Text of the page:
Sarah Jackson: They were astonished and delighted, as many claimants, they had persevered for many years to find what had been stolen from their family and we were very pleased to be able to help them.
Kerry Skyring: So thereís one happy ending. But there could be many more. Sophie Lillie says only a fraction of the looted art has been recovered.
Sophie Lillie: I would say of the collections that Iíve covered, at least 150, most of the artwork never was returned and never was recovered by the original owners. It was very difficult for people to make any kind of restitution claim after the war because in order to do that, according to the Third Restitution Law after the war in the late ë40s, you had to be aware and had to know the location of the artwork that you were claiming.
Kerry Skyring: In 1998 Austria passed a law which required that the collections in the state, well art is returned if the provenance is doubtful, was that a big step forward?
Sophie Lillie: A very big step forward, because itís the only area in Austria where you can claim any kind of restitution or can make any kind of claim to the government for the recovery of individual pieces. Itís not possible in any other area. Since then there has been another law to pay compensation under the General Settlement Fund, but itís not the same thing as actually being able to recover a physical object that is today in public.
Kerry Skyring: Does this extend into the private collections?
Sophie Lillie: No, but in fact it doesnít even extend to the provinces because the Art Restitution Law of 1998 governs only federal collections, which means itís only Federal museums like the Kuntshistorisches Museum, like the Belvedere, like the Albertina, it doesnít cover any of the provinces because theyíre not able to. Some, only three provinces, in Austria have passed similar laws, itís Vienna, Styria and Upper Austria.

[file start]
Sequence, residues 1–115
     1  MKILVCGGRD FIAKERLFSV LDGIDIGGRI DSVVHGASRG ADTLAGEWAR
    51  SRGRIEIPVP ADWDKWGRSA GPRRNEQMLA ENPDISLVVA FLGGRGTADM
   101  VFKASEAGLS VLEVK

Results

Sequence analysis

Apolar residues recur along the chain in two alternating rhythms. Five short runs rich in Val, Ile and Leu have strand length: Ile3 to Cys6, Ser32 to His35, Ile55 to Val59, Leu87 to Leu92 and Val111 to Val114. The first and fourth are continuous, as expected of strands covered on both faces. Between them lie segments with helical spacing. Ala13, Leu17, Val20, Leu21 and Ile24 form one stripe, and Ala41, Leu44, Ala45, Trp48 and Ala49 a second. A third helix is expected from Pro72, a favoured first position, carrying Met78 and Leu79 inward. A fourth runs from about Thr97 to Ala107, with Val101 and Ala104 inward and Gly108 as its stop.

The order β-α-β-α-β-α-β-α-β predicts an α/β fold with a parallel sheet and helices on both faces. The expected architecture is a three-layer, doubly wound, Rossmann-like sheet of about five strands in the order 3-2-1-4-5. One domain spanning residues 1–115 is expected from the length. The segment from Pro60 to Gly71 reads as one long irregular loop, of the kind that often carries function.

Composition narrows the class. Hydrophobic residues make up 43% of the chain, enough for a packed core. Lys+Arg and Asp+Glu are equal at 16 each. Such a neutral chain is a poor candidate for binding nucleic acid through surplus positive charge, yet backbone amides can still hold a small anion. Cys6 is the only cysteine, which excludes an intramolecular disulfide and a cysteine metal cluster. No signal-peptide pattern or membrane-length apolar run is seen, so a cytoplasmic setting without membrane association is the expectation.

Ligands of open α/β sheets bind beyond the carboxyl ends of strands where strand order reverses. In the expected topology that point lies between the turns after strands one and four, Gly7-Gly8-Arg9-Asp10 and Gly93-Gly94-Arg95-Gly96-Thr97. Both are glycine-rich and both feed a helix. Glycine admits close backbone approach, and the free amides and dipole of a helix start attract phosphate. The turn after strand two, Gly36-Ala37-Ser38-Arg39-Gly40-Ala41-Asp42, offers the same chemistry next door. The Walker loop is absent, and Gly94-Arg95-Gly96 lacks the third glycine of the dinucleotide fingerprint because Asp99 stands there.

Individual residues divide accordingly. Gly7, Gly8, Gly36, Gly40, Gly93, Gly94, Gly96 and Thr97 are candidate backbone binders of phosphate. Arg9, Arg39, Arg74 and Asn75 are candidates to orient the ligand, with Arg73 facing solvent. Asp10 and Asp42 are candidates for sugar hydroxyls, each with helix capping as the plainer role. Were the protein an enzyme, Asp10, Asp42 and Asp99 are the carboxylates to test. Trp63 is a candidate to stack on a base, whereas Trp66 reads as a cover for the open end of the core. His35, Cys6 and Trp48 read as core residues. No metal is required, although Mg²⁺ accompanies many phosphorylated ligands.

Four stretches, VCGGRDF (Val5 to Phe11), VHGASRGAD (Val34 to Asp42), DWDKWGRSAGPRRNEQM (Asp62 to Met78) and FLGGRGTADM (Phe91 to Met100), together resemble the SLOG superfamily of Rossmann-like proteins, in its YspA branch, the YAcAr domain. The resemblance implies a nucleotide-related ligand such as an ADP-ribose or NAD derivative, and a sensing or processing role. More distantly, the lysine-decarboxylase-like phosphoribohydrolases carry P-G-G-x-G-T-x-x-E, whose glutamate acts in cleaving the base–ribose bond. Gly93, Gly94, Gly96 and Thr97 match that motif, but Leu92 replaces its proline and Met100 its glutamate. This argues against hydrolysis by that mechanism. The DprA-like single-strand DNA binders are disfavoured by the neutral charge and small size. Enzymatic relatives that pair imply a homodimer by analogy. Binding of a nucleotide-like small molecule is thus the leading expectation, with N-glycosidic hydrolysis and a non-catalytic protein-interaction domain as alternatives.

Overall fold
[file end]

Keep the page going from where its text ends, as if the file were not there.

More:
Kerry Skyring: As a result of your book, and your research on these collections, have any pieces of art been returned?
Sophie Lillie: Paintings that have been returned; the most recent paintings are a pair of Macquet paintings from the collection of the Auspitz family that were held at the Historical Museum at the City of Vienna, and they are just in the process of being returned to the family.
Kerry Skyring: These are the heirs of the original owners, or are there any survivors who are there to see the paintings?
Sophie Lillie: No, these are their children and grandchildren.
Kerry Skyring: When Austria introduced its New Restitution Law in 1998, it opened up the nationally-owned galleries to scrutiny, claim and recovery, and valuable art works have been returned. But what about those still in private hands?
Randol Schoenberg: I know that there are a number of works in private hands in Austria that have not been returned. I can think for example of Klimtís portrait of Gertrude [unclear] thatís in the possession of the widow of Gustav [unclear], heís the one that Aryanised it during the war. Itís a beautiful Klimt portrait and the womanís son is living in California here and would love to get it back.
Kerry Skyring: Thatís my point. If you go ahead with this, if you get Supreme Court approval to pursue this in the court in California, could a case like that then again go through courts in California?
Randol Schoenberg: Well it would require that there be jurisdiction over the present owner, and in that case it doesnít appear that thereís jurisdiction in the United States over the person who possesses that painting. If the painting were ever to leave Austria and come to the United States, obviously it would be a different story.
Kerry Skyring: The Holocaust destroyed much and dispersed the art collections, great and small, of Viennaís Jews. But the culture that gave us Schoenberg and Mahler and Klimt is not letting go, as weíre seeing in the case of Maria Altmann versus the Republic of Austria. The descendents of those great artists are sticking together and going to court to seek redress.
The United States Supreme Court will soon rule on whether Maria Altmann and her lawyer, Randol Schoenberg, get their day in a California Court.
Damien Carrick: Kerry Skyring in Vienna with that story.